Food web studies, which include qualitative and quantitative information about species interactions for all trophic levels in a specific community, are important tools to characterize the community structure, and to understand the role of species interaction in natural communities. With this aim, we collected fruits of Senegalia tenuifolia from a total of nine sites from three different areas in Minas Gerais, from June to August 2011. Fruits were collected and taken to the laboratory in special containers, to allow insect development and description. And then, we characterized the food web of insects associated with these seeds, and described interactions between these organisms and the host plant, and assessed the impact of insect attacks on seed germination with an experiment under controlled conditions. Additionally, we estimated the available NPK content and the Carbon:Nitrogen ratio in both fruits and seeds. In S. tenuifolia seeds, we have found 937 associated insects of 15 species structured in four trophic levels. We found two Bruchinae seed-feeders species: Merobruchus terani and Stator maculatopygus. We also have observed the seed-feeding hymenopteran species Allorhogas sp. 1 and Prodecatoma sp. 1, and hymenopteran parasitoids species such as Eupelmus sp.1, Lyrcus sp.1, Eurytoma sp.1, Horismenus sp.1, Chelonus sp.1, Aprostocetus sp.1, Eiphosoma sp.1 and an unidentified Pteromalinae. Considering quantitative food web metrics, our data have suggested low values of generality and high values of trophic vulnerability, besides others, which demonstrated how species interactions are specialized. The impact of seed-feeding insects on seeds was found severe and prevented their germination. Lastly, seeds contained higher NPK content than fruits. In conclusion, the seed predation food web supported by S. tenuifolia has depicted two different features: specialized species interactions, considering parasitoids and seed-feeding species, and, generalized species interactions, considering host-plant and seed-feeding species. Indeed, seeds are resources with high nutrient concentration supporting a rich and complex food web. Finally, S. tenuifolia seeds are directly impacted by seed-feeding insects, preventing them from germination, which could result in a negative effect on host-plant population.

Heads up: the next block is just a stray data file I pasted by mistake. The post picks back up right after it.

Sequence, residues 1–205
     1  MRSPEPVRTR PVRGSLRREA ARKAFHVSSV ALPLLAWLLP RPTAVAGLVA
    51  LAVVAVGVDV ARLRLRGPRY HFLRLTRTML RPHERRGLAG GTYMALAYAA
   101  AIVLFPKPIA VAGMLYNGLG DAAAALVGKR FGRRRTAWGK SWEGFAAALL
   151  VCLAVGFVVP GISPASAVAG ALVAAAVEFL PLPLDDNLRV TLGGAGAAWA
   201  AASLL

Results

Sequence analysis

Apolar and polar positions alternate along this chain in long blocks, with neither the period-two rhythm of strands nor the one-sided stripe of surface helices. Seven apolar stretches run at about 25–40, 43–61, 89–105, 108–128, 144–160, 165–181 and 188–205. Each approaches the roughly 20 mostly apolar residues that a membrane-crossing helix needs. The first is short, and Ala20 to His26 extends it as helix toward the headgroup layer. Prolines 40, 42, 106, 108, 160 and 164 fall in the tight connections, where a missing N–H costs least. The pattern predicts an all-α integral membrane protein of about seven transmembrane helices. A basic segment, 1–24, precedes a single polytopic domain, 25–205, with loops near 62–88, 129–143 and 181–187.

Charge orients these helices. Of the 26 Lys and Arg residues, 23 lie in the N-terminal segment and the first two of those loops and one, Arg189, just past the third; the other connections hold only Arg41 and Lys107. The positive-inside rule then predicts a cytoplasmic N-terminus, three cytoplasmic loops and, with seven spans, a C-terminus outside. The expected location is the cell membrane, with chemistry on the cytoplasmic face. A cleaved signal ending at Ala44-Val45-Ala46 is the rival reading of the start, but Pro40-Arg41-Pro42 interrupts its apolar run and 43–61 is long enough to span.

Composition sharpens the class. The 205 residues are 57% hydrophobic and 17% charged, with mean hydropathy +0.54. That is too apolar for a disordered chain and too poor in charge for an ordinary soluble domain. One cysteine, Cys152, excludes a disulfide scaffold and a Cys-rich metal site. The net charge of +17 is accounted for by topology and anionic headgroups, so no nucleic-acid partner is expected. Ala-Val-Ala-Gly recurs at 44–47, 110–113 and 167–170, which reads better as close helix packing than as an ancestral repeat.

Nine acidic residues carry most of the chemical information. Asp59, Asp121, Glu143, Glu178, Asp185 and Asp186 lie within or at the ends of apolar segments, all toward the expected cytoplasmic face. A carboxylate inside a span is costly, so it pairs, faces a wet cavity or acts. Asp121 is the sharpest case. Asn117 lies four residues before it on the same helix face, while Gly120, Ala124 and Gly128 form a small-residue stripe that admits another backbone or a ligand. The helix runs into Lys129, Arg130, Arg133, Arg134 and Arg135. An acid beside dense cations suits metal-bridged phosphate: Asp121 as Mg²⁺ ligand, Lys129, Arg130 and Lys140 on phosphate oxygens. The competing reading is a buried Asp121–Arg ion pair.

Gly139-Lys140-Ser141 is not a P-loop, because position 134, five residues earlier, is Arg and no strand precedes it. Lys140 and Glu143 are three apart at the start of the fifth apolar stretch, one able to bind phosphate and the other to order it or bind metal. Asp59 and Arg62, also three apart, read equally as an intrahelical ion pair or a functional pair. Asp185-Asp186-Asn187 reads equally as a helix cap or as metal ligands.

Keywords: Bruchinae, seed-feeders, host-parasitoids, insect-plant interactions, quantitative food web.